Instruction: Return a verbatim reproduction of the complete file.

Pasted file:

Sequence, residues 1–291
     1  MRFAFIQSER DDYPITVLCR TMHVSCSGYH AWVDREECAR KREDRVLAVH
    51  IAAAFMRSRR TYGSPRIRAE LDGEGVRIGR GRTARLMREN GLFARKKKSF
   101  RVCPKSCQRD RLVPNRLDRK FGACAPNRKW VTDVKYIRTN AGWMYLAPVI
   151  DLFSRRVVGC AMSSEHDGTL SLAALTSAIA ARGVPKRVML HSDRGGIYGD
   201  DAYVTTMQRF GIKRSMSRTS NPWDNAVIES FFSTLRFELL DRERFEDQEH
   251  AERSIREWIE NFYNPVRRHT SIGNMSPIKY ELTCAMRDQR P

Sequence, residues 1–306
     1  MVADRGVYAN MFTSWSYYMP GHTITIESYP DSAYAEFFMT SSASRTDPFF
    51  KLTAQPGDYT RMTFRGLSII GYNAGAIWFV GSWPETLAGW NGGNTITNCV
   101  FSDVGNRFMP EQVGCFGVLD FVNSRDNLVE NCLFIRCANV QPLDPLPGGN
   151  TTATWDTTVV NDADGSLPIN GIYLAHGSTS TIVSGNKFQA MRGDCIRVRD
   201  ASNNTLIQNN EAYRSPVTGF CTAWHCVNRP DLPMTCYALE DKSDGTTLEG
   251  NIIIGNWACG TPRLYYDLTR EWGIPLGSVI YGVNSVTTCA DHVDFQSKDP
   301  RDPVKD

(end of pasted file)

Sequence, residues 1–291
     1  MRFAFIQSER DDYPITVLCR TMHVSCSGYH AWVDREECAR KREDRVLAVH
    51  IAAAFMRSRR TYGSPRIRAE LDGEGVRIGR GRTARLMREN GLFARKKKSF
   101  RVCPKSCQRD RLVPNRLDRK FGACAPNRKW VTDVKYIRTN AGWMYLAPVI
   151  DLFSRRVVGC AMSSEHDGTL SLAALTSAIA ARGVPKRVML HSDRGGIYGD
   201  DAYVTTMQRF GIKRSMSRTS NPWDNAVIES FFSTLRFELL DRERFEDQEH
   251  AERSIREWIE NFYNPVRRHT SIGNMSPIKY ELTCAMRDQR P

Sequence, residues 1–306
     1  MVADRGVYAN MFTSWSYYMP GHTITIESYP DSAYAEFFMT SSASRTDPFF
    51  KLTAQPGDYT RMTFRGLSII GYNAGAIWFV GSWPETLAGW NGGNTITNCV
   101  FSDVGNRFMP EQVGCFGVLD FVNSRDNLVE NCLFIRCANV QPLDPLPGGN
   151  TTATWDTTVV NDADGSLPIN GIYLAHGSTS TIVSGNKFQA MRGDCIRVRD
   201  ASNNTLIQNN EAYRSPVTGF CTAWHCVNRP DLPMTCYALE DKSDGTTLEG
   251  NIIIGNWACG TPRLYYDLTR EWGIPLGSVI YGVNSVTTCA DHVDFQSKDP
   301  RDPVKD